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County issues $11.3 million bond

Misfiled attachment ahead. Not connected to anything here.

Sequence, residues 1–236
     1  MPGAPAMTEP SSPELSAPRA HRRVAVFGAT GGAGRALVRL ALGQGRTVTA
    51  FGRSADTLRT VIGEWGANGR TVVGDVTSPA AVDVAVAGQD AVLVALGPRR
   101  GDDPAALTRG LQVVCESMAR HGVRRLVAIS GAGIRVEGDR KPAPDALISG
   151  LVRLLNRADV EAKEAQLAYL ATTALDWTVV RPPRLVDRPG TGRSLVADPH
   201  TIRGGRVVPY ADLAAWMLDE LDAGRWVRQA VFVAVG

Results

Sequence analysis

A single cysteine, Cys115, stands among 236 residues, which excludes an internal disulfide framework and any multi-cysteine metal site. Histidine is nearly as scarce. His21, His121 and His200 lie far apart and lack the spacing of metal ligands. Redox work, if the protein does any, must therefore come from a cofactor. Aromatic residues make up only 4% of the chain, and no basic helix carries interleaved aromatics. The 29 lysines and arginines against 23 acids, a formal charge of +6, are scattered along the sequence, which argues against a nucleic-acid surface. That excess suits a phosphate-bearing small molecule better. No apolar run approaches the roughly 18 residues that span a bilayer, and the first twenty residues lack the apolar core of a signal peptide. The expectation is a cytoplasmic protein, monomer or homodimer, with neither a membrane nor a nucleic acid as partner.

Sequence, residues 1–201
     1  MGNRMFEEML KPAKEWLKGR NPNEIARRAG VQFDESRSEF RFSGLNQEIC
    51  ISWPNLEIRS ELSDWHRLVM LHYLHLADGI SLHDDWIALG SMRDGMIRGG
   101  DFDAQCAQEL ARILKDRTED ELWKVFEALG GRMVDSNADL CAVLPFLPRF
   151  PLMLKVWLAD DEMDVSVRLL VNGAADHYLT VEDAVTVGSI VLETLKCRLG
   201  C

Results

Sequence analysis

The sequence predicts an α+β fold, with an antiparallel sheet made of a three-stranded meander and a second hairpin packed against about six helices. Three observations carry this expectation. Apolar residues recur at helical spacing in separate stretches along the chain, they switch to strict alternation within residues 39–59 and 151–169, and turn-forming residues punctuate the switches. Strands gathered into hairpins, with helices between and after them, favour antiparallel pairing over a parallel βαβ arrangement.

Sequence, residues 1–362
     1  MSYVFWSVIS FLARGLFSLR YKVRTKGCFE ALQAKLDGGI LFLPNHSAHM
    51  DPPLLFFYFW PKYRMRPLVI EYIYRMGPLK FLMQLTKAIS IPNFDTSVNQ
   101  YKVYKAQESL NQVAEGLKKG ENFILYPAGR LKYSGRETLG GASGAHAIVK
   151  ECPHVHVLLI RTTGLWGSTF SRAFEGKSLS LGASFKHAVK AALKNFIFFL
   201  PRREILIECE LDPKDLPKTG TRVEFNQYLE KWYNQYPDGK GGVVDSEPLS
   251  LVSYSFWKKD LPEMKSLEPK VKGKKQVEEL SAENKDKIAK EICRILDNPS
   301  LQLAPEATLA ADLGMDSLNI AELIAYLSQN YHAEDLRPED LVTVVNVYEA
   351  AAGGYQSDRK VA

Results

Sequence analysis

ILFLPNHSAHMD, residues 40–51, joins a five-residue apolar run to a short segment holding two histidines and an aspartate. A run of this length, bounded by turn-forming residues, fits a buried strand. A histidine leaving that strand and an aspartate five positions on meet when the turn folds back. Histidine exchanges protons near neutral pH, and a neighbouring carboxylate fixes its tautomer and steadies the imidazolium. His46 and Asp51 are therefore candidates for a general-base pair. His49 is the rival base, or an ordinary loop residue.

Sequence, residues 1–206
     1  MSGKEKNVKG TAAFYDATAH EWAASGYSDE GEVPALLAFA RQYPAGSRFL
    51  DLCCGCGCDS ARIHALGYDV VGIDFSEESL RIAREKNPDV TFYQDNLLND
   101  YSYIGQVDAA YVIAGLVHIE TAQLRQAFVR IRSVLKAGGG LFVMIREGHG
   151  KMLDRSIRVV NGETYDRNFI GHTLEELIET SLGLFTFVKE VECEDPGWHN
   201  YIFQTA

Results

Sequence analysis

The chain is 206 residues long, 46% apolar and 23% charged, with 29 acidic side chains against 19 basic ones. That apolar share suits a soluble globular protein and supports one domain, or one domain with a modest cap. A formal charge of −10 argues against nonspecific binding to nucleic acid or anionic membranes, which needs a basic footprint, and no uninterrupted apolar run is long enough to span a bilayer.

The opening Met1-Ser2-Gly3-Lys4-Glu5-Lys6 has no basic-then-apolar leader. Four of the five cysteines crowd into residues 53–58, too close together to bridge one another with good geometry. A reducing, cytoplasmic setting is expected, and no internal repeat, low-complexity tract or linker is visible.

"The Kitsap County Commissioners on June 18 unanimously approved the issuance of an $11.28 million, low-interest bond designed to save the county thousands of dollars in future years.Kitsap County Director of Administrative Services William Nogle told commissioners last Monday proceeds from the bond, wholly underwritten by Banc of America Securities LLP, will accomplish three main goals for the county.First, Kitsap County can refinance at a lower interest rate the Illahee Property purchased earlier this year for $3 million from the state Department of Natural Resources (DNR). Under the refinancing plan, the interest rate is expected to drop from 7.23 percent to about 4.9 percent.When proceeds from the bond issue are transferred to Kitsap County later this month, Nogle said county officials plan to write a check to DNR for just over $2 million to pay off the remaining balance on Illahee, a 352-acre parcel just north of the City of Bremerton. The county originally issued a downpayment for the property using existing funds.The next step, said Nogle, will be to pay off the Illahee-refinance portion of the current bond, which has a term of 10 years, by using the county Conservation Futures Fund and, potentially, impact fees. The county's Conservation Futures Program is funded by property taxes at a rate of 6.25 cents per $1,000 of assessed value. A few citizens attending the commissioners meeting on Monday commented about county decisions in general to purchase open space.I applaud the idea of lower interest rates on these bonds, said John Norris, a Silverdale resident. As a property owner, however, Norris wanted to let the county commissioners know he's wary of any open-space acquisitions because they take properties off the tax rolls and that places more burden on the taxpayers.County Commissioner Tim Botkin clarified that, in this particular case, the county purchased Illahee from DNR and the forest was never part of the tax base anyway. Even so, Norris wanted and was given the chance to register his concerns about the use of public funds for the acquisition of open-space property.A second portion of this current bond, meanwhile, could pay $4.57 million for the impending construction of an operations and administration building for the Department of Public Works, Surface and Stormwater Management Program. If all goes well, construction could commence at the planned site in the Olympic View Industrial Park as early as next summer, said Public Works Director Randy Casteel.The Public Works portion of the bond, which carries a two-decade life, will be paid back through Public Works fees and other revenues.The remainder of the bond, said Nogle, can be used to refinance a different series of bonds issued in 1992, since interest rates have declined so significantly in recent months. The bonds issued eight years ago paid for parks projects, the Kitsap Mental Health building, and open space acquisition.County officials estimate refinancing these bonds will amount to a savings of about $297,000 in interest payments over the next seven years. The immediate savings is estimated at $257,000.County officials plan to pay this part of the bond back by using real estate excise taxes, Kitsap Mental Health lease payments and Conservation Futures funds and possibly impact fees. "